Three assessment methods, material flow analysis (MFA), life cycle analysis (LCA), and multiattribute utility theory (MAUT) are systematically combined for supporting the choice of best end‐of‐life scenarios for polyethylene terephthalate (PET) waste in a municipality of a developing country. MFA analyzes the material and energy balance of a firm, a region, or a nation, identifying the most relevant processes; LCA evaluates multiple environmental impacts of a product or a service from cradle to grave; and MAUT allows for inclusion of other aspects along with the ecological ones in the assessment.
We first systematically coupled MFA and LCA by defining “the service offered by the total PET used during one year in the region” as the functional unit. Inventory and impacts were calculated by multiplying MFA flows with LCA impacts per kilogram. We used MAUT to include social and economic aspects in the assessment. To integrate the subjective point of view of stakeholders in the MAUT, we normalized the environmental, social, and economic variables with respect to the magnitude of overall impacts or benefits in the country.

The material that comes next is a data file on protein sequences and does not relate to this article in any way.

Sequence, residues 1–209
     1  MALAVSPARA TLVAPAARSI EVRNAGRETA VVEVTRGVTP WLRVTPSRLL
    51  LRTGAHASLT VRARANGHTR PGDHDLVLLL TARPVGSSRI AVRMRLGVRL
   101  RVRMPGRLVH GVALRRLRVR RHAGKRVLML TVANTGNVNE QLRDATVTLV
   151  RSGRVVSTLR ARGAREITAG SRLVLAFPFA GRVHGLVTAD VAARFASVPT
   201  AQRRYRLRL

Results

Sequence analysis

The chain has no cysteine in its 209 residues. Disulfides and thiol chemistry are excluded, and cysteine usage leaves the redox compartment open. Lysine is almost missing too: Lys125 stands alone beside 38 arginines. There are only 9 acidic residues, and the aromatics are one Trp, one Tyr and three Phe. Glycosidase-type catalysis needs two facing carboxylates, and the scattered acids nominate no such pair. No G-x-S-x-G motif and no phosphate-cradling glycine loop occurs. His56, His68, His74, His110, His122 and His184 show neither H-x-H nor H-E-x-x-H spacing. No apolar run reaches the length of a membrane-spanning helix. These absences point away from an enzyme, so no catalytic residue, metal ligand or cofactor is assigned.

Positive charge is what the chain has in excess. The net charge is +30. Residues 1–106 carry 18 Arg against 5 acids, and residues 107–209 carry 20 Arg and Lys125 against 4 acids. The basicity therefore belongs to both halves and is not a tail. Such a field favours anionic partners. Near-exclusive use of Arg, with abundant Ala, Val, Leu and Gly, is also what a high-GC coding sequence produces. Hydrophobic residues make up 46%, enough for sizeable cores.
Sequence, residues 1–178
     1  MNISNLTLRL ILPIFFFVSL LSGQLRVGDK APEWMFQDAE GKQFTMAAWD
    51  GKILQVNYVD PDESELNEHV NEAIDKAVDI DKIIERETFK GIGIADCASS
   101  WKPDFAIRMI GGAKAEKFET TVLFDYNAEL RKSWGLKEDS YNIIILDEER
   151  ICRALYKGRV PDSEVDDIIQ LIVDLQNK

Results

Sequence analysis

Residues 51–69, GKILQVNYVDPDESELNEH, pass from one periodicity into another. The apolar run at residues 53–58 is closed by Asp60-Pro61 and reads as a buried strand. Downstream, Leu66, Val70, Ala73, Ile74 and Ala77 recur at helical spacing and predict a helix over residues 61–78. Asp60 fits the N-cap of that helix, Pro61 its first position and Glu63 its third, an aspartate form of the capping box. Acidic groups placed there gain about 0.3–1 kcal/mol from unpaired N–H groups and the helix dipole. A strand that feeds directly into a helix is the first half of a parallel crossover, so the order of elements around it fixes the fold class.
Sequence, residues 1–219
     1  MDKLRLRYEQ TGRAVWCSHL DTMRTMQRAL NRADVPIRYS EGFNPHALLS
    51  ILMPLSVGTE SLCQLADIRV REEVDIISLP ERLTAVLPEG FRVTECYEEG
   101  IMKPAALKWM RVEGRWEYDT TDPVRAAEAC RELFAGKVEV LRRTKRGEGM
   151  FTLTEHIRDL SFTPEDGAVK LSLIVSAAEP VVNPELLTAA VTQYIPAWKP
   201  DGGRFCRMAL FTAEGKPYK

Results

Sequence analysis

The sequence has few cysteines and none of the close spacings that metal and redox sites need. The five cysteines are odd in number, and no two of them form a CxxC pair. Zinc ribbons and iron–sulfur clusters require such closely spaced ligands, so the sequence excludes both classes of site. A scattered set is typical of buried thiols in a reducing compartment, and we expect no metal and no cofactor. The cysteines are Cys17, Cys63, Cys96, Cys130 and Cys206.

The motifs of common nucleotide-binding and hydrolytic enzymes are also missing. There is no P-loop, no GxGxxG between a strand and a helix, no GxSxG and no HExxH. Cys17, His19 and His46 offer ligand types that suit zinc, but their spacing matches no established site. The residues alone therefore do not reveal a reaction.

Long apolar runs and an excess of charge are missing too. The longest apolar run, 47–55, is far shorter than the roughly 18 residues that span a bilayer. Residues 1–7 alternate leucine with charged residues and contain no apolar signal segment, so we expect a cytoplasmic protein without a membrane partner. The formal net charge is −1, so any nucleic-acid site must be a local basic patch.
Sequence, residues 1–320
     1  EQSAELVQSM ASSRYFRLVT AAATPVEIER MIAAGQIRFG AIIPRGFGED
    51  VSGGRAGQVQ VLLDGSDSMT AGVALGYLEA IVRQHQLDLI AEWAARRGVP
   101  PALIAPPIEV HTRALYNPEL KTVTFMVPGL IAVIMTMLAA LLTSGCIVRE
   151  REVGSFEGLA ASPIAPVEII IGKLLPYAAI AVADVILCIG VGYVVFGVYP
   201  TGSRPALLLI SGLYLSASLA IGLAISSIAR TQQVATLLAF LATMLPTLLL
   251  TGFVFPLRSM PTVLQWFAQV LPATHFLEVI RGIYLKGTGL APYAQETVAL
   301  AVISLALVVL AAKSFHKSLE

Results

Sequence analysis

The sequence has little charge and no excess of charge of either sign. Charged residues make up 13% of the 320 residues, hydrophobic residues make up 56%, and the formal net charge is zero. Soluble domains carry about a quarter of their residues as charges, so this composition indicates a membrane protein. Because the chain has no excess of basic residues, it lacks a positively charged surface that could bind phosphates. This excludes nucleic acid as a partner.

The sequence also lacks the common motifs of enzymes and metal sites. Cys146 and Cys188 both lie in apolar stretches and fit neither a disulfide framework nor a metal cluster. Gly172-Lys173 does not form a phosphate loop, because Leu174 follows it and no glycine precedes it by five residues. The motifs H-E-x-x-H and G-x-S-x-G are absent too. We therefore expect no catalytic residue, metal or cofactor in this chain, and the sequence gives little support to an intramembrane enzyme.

The results show large benefits for recycling scenarios from all points of view and also provide information about waste treatment optimization. The combination of the three assessment methods offers a powerful integrative assessment of impacts and benefits. Further research should focus on data collection methods to easily determine relevant material flows. LCA impact factors specific to Colombia should be developed, as well as more reliable social indicators.